NEW BIG FOOT EVIDENCE
Last May, I went up to Campbell river with my grandparents to go fish the Elk river. Every year I try to come up and catch some rainbows as they enter the river to spawn.
We had another late spring this year, on BC but not quite as late as last year. grandpa and I fished all day and couldn’t catch a thing. But here’s the story of how I found this.
Grandpa and I were slowly working our way down to the mouth of the elk river. One riverbank was washed out and a log jam had accumulated. We couldn’t wade around it because of the spring freshet, so we had to backtrack through the woods. After getting our flyrods tangled up in the shrub willows and elk-stunted spruce trees we broke free into an old river basin. The ground was primarily made of gravel except for one little pocket of pebbles. This is where I found my track. The second I point it out to grandpa, he says “oh that’s a person footprint” and then leaves right away to go and try fishing. Luckily I didn’t fall for it, and took a couple of pictures.
Here we go, Sasquatch exists.
Click the foot for a really big image, it is fully downloadable, just give credit where credit is due.
Categories: miscellaneous, nature
Tags: BC, big foot, big foot evidence, big foot print, campbel river, exists, foot print, sasquatch, sasquatch print, sasquatch track, vancouver
Hi there Rocktards… well it’s been a couple of months. Sorry for ignoring you guys. If you hadn’t realized, the previous post was an april fools day joke.
I don’t have a great excuse for neglecting this blog, all I can say is life got in the way. If you’re itching to see me you can check out my youtube flintknapping channel here: http://www.youtube.com/user/shutupandknap?feature=mhee
I’ve been keeping busy with all of my primitive things. I made a primitive, wood and bone crossbow for a father’s day gift. I’ve been making a whole bunch of arrowheads, quite a lot of ceramics and pottery, and pretty much anything that I feel like making. I’m going to start up the blog again soon. So keep your eyes open!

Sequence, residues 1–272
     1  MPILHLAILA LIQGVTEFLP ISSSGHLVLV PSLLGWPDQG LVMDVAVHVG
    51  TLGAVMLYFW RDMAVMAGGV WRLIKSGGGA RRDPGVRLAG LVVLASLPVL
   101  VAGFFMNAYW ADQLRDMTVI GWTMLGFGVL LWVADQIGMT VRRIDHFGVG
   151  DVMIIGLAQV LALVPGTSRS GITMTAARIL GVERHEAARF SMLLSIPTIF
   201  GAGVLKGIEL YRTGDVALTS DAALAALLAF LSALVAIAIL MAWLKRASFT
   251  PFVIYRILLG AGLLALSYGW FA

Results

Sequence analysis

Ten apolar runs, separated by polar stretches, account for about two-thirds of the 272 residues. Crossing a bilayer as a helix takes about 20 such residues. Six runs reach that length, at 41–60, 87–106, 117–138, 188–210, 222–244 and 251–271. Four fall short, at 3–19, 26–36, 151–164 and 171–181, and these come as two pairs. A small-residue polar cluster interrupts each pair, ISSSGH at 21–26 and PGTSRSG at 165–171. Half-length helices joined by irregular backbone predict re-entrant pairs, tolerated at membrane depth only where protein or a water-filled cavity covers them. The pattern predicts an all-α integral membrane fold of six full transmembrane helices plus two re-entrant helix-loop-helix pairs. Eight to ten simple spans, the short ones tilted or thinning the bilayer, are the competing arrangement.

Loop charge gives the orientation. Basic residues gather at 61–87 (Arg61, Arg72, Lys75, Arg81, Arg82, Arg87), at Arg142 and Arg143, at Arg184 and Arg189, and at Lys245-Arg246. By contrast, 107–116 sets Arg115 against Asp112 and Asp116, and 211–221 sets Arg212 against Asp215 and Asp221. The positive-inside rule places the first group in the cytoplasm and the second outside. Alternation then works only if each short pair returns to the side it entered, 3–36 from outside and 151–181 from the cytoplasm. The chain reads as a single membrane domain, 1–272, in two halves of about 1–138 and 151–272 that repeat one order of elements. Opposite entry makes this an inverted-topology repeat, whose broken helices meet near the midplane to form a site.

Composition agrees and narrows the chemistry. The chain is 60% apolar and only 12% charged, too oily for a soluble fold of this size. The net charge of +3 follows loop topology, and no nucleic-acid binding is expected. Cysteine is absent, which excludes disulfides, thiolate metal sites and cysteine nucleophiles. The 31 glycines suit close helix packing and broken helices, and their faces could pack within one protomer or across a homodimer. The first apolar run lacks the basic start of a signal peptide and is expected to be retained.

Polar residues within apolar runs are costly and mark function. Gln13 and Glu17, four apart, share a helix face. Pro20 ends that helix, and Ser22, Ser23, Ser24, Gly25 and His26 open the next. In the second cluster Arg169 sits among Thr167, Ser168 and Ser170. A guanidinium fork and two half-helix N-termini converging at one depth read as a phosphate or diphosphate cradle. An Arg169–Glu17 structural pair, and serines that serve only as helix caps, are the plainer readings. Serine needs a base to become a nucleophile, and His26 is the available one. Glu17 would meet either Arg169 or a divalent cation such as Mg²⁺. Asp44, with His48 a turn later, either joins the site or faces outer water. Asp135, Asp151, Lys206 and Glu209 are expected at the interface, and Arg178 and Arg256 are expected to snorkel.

To start it all off again, I’ll show you guys a few pictures I took of some wildlife I encountered a few weekends ago:
Yellow-bellied racer: I’ve only ever seen 6 of these guys, and two of them were flattened on the road. This guy unfortunately had a whole in its side and some of his guts were hanging out. It happened quite a while ago because the guts had dried out and turned black. These snakes are some of the most beautiful graceful snakes in our region. When this racer stretched itself out it was about 3 and a half feet long. If you stumble upon one of these guys they usually slither away, but if you’re planning on getting a new pet, grab a hold of them and then grip their neck as close to the head as possible (on the sides) and stroke the belly until it calms down. Although these guys aren’t poisonous they do have a few rows of sharp teeth, and I wouldn’t want to be bitten by an animal that eats leeches, rodents, bugs and fish. Who knows what diseases are festering within their mouths. Once they calm down they don’t try to bite you as much.
Painted Turtle: these guys are supposedly endangered… I saw about 100 in one day that weekend. They’re beautiful turtles, their main predators are cows and people, both of which destroy their habitat. These turtles are found from BC to the Maritimes and all throughout the northern and central states. The young are carnivorous and gradually become herbivorous as they reach adulthood.
Abandoned kill-deer egg: these things, believe it or not come out of a little shore bird that is only about 5 inches tall, with two inch long legs. This egg was about two inches at the longest and an inch and a half wide. A nest usually has four of these. These little guys normally freak out if you’re anywhere near their nests and act injured to lure away large predators. The birds were nowhere to be seen when we found this little guy, and the three other eggs, that would normally accompany this one, were absent.
Anyways we had an awesome father’s day weekend and saw some amazing wildlife. Thanks for dropping by and if you haven’t subscribed yet, do. That way you can see my sporadic nature photographs and primitive art posts when I post them.
Categories: miscellaneous, nature
Tags: BC wildlife, desert, father's day, interior BC, killdeer egg, nature, Okanagan, ossoyos, painted turtle, Princeton, Similkameen, snake, yellow bellied racer